Reality Series, Episode 6: Have LLMs mastered the art of translation?

How good are LLMs, like GPT, PaLM and Claude at translation and localization? And, is it possible to declare if one is better than the others?


LLMs have caused a major shift in the realm of translation. In this episode, we aim to demystify the advantages and drawbacks of employing LLMs in localization. We offer insights on making informed decisions about the utilization of LLMs in the translation/localization process, and explore the language capabilities of LLMs.

This discussion is led by Mei Zheng and Valerie Dehant.

Myth Busting: Have LLMs Mastered the Art of Translation?

In episode six of Smartling’s ‘Reality Series’, Mei Zheng, Senior Data Scientist, and Valérie Dehant, Senior Director of Language Services, tackled a few common myths related to LLMs and Machine Translation (MT), and whether Large Language Models (LLMs) have truly mastered the art of translation.

Busting some myths about LLMs and translation

Myth #1: LLMs are better than Machine Translation

The first myth was whether LLMs outperform MT in the realm of translation. Offering her insights, Mei dispelled the myth, asserting that while LLMs have commendable general language understanding, their skills are not particularly made for translation. They will not outdo MT systems (at this time, anyway), but they do add value to translations by contributing to grammatical precision and enhancing fluency of language.

Myth #2: LLMs can translate all language pairs

The second myth challenged the all-embracing capabilities of LLMs, holding that they can translate across all language pairs. Strongly contradicting this belief, Mei pointed out that the majority of LLMs are restricted in their multilingual abilities. Mei specifically emphasized the importance of examining model cards, a tool for transparency in large language and machine learning models to help understand which languages it supports, and to test them for specific translation use-cases.

Myth #3: LLMs caneplace humans

Lastly, the session addressed the common assertion that linguists could be replaced by LLMs. While underscoring the strengths of LLMs, Valérie painted a clear picture of why human linguists remain indispensable. LLMs, even with their pattern recognition skills, can overlook nuances which are consciously discerned by human linguists. Also, LLMs have a tendency to hallucinate information–providing ‘translations’ for phrases that don’t exist in the source text!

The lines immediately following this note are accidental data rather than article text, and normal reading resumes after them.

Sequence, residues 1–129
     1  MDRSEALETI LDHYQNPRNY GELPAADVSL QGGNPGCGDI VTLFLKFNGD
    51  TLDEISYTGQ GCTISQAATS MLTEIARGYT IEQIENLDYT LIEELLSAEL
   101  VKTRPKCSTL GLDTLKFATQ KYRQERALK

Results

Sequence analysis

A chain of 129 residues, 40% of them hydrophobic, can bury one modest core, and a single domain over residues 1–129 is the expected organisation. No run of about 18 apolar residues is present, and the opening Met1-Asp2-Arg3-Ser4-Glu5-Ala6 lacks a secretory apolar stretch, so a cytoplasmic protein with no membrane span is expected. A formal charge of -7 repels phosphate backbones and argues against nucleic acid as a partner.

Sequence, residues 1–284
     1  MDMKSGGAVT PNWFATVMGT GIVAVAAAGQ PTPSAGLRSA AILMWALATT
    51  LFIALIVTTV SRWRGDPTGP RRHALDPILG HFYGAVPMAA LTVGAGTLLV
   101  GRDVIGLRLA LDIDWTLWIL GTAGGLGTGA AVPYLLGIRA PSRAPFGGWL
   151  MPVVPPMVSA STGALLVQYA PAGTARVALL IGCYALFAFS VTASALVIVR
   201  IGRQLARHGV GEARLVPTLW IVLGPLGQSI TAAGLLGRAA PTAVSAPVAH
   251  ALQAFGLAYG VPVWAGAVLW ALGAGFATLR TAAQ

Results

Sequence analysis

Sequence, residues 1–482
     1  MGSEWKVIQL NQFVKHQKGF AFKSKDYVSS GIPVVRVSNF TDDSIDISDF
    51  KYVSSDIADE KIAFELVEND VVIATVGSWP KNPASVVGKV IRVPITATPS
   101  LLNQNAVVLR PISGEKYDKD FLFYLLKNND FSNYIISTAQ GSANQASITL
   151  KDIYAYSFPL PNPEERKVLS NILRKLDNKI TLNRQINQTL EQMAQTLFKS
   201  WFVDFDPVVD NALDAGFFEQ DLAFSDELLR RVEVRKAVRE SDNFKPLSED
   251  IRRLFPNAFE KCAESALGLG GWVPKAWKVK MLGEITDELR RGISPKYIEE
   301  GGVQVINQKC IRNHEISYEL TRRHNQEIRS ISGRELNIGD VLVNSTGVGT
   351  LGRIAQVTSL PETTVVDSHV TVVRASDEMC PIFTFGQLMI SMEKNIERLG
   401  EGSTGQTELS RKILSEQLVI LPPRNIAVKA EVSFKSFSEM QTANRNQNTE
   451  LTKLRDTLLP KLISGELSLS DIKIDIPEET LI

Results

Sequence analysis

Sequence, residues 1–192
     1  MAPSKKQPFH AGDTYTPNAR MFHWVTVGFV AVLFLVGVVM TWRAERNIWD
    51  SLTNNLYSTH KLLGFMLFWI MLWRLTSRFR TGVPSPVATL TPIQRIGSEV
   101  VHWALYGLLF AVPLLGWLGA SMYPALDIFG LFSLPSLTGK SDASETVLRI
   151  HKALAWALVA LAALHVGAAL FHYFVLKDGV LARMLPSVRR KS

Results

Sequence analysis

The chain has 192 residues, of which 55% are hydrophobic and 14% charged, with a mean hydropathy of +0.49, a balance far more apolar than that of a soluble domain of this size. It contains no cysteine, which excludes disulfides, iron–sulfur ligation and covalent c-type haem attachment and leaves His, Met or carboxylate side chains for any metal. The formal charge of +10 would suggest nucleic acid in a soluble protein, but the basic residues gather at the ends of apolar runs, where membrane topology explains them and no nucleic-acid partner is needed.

As the roles of linguists evolve alongside generative AI, they transform into co-pilots supervising and evaluating the quality of MT suggestions. The expertise of human linguists remains crucial for maintaining the quality and accuracy of translations.

A further look into LLMs and translation

While clarifying the myths and realities around LLMs, our speakers dove deeper into the current dynamics of translating in the era of LLMs and MT systems. Mei further stated that the challenge of evaluating translation quality goes beyond fluency, involving complexities such as HT (the results after human editing), and semantic similarity. The challenge of LLMs providing incorrect translations due to multiple meanings in the target language was also highlighted.

Illustrating the brighter side of AI, Valérie explained how, with increased efficiency, linguistic teams can translate more content within the same time frame, without needing to increase manpower. When asked about training LLMs, Mei spoke about the fine-tuning procedure that involves adapting the top layer of the model while keeping the foundational parameters unchanged. The data preparation for LLMs broadly aligns with MT, however, LLMs might require specific prompts to tailor translations better.

When comparing LLM translations to professional ones, Mei confirmed that despite all progress, human input continues to be needed. The industry is actively figuring out which parts require human intervention and which do not.

The verdict

Episode 6 concluded that although AI and LLMs have made a sizable impact on translation, human intervention is indispensable for securing quality and accuracy in translations. Human translation is here to stay for the foreseeable future. While LLMs are making strides, they have not yet taken the throne in the realm of translation. They are, however, playing a vital complementary role in amplifying the capabilities of translation and shaping the future of this industry. Ultimately, machine translation and large language models can complement each other to deliver improved translation services. However, remember, the human touch remains irreplaceable.